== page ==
• DSLR for beginners: You’ll see DSLR cameras that cost $2000 or more, which are clearly for a professional photographer’s budget. But, a good, affordable entry-level camera is the Canon EOS Rebel T7 DSLR Camera. A customer said that the automatic presets were adequate at first until they learned how to adjust the settings manually. Now they can utilize the full power of an APS-H camera!

Important Features

Here are some features that are worth looking for when selecting a DSLR camera:

  • Resolution: You’ll see that cameras specify the number of megapixels of resolution of their images. For example, the Pentax K-1 Mark II Full Frame DSLR Camera has a 36-megapixel resolution. But you also want the individual pixels to be small so that the picture will have greater detail. The Pentax is a full-frame camera, meaning that the sensor is very large, so it can make full use of all of those 36 million pixels!

  • Vary-angle touch screen: Most DSLR cameras will have an optical viewfinder. It shows you a scene of the picture you’re about to take, but it can add a grid, exposure information, and autofocus points, for greater precision in your shot. But, many cameras will also have a touch-screen for the controls, which can be flipped out to view the scene. That’s called a “vary-angle touch screen” since you can tilt the touch screen for a better view. What you see on the touch-screen will be a more accurate portrayal of the final picture. One camera with a vary-angle touch-screen is the Canon EOS 6D Mark II Digital SLR camera.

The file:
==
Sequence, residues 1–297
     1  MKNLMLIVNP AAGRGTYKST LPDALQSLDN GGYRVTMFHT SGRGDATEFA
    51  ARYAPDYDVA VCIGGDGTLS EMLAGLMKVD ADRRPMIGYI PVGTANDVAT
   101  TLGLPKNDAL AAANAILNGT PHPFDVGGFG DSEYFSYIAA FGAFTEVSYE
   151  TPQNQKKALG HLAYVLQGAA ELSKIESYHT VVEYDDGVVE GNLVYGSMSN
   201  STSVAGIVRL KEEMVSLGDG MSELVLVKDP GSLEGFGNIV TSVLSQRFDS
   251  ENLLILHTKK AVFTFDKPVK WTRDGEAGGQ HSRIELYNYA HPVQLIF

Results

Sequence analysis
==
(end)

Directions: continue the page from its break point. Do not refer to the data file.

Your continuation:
Canon EOS 6D Mark II Digital SLR camera

  • Autofocus: Many cameras will have both manual and automatic autofocus. For example, the Canon EOS REBEL SL3 Digital SLR Camera has a 9-point autofocus. More autofocus points will allow you to keep your subject in focus, even if it’s moving. This is because at least one of the autofocus points will still remain on your subject. So, more autofocus points are a desirable spec. Some cameras have dual-pixel autofocus, or “DPAF”, which means that every pixel of the image is captured twice by two separate photodiodes. This creates an image with a more accurate focus.

  • ISO of a camera: “ISO” stands for “International Organization for Standardization”. It’s a number that indicates the sensitivity of your camera to light. A camera with a low ISO will require more light exposure or will be best where you have a lot of ambient light. On the other hand, a camera with a high ISO will be able to capture a picture even in a scene with low light, or if you use a fast shutter speed.

  • Compatible lenses: Most of the items in the Best Reviews Guide list of DSLR cameras are just the camera body, although you can also choose an option to buy matching lenses. (While the camera body decides the autofocus precision and speed, the lenses will determine the depth of field and the appearance of the background. So, in many ways, the lenses are just as important as the camera body.) For example, you can buy the Nikon D780 along with a Nikkor 24-120 mm lens with extra-low dispersion glass, vibration reduction, and image stabilization.

Nikon D780 with a Nikkor 24-120 mm lens

Final Verdict

We went through some of the differences between the various DSLR cameras on the market. You notice a wide fluctuation in prices, as well as features, of the different camera bodies. When you want superior image quality and resolution, a DSLR camera is your address. Once you overcome the learning curve with all of its features, you’re sure to enjoy the results that you can achieve!